Out of a city's silence flows poetry

POETRY IN THE RUBBLE: Kristy Rusher reads to a Gap Filler audience in Colombo St last month.
POETRY IN THE RUBBLE: Kristy Rusher reads to a Gap Filler audience in Colombo St last month.

Christchurch citizens are not just rebuilding their homes, they are looking for the chance to express their artistic needs, writes Jeffrey Paparoa Holman.

In November last year at a coffee house in Addington, a group of poets under the umbrella of the Phantom Billstickers poster company gathered to launch a bunch of poetry posters before a warmly appreciative crowd hungry for any kind of artistic event in a city bashed about and almost silenced by the disastrous series of earthquakes shaking the city since September 2010.

The reading had been postponed after the killer February 22 earthquake; it wrecked the premises of the poster company and forced Jim Wilson, its founder and poetry lover, to move up north. He never gave up on us, and earlier this year, sent some of those same poets to New York to launch the posters there at Saatchi and Saatchi's headquarters on Hudson Street.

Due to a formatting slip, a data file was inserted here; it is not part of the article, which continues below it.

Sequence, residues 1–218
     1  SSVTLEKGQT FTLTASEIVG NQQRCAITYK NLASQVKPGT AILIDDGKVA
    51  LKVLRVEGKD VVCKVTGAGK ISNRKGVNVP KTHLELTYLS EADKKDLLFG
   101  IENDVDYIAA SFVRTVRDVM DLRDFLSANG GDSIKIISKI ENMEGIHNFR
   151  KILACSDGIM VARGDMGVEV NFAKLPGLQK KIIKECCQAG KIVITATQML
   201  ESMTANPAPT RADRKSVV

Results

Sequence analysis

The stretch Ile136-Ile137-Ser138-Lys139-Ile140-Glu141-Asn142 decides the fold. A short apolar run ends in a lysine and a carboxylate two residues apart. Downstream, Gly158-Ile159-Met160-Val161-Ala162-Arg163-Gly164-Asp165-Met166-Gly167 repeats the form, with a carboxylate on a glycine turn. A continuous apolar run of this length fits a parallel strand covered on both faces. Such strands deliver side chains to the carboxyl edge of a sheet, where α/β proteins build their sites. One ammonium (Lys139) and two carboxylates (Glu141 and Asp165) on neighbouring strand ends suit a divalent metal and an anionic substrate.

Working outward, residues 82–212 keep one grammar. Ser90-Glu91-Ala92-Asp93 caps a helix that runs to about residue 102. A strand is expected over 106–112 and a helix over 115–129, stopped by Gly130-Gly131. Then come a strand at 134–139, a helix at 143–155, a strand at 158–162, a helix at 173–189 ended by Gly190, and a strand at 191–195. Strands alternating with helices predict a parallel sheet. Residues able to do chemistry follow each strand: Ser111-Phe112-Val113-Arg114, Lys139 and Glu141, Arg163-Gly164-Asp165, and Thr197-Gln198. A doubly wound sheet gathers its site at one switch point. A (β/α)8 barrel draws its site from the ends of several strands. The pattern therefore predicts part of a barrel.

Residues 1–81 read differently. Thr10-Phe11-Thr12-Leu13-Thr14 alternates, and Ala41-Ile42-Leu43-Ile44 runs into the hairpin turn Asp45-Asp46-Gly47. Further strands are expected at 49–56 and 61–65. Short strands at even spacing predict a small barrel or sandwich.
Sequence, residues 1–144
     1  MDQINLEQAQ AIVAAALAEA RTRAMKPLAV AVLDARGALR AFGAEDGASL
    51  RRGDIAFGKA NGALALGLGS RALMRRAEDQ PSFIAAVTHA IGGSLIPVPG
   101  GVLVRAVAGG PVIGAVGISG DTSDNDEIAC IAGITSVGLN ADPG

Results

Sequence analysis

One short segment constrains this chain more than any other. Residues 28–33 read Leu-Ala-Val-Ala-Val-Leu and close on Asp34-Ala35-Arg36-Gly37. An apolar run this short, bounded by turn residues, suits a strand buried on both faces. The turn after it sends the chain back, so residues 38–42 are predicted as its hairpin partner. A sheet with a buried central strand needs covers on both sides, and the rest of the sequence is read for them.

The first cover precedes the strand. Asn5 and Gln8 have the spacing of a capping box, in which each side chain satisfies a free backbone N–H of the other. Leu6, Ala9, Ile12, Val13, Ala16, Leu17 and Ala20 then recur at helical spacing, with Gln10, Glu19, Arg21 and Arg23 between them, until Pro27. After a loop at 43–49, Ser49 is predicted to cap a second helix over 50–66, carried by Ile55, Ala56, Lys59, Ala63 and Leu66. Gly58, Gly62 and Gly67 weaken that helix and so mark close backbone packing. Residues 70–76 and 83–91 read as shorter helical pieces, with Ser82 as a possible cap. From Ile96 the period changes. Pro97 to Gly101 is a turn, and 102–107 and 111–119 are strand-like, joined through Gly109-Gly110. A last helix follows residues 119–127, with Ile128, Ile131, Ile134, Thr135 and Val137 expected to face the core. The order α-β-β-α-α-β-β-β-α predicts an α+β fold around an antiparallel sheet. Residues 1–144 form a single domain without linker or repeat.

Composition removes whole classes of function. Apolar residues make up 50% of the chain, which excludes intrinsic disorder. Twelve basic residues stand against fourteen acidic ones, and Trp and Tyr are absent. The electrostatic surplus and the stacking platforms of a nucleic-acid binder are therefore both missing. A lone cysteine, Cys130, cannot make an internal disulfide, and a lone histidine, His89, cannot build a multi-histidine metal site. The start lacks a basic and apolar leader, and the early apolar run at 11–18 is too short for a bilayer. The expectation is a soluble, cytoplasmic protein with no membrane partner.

Most recently on National Poetry Day, July 27, a reading took place at the University Book Shop, where a number of winners in a poetry competition arranged for the occasion received prizes and read their works to an appreciative crowd.

Some were old hands, others first-timers - all had been set the task of writing a poem on the subject of 'My Quake Nightmare'.

On the same day in Colombo St near the site of the old Beggs music store, the irrepressible Gap Filler Project had an open-air poetry reading where writers arrived to chalk their work on the wall and read to the brave souls weathering the winter chill.

Everywhere it seems in our broken city, Christchurch citizens are not just rebuilding their homes and getting to work in their imaginatively resited workplaces - they are looking for the chance to express their artistic needs, finding all sorts of wonderful ways and strange places to do it.

Anyone who has driven past the NG Gallery in Madras Street - a proud surviving heritage building - and seen Michael Parekowhai's magnificent iron bull statues on one of the outdoor waste spaces that blanket our city will know what I mean.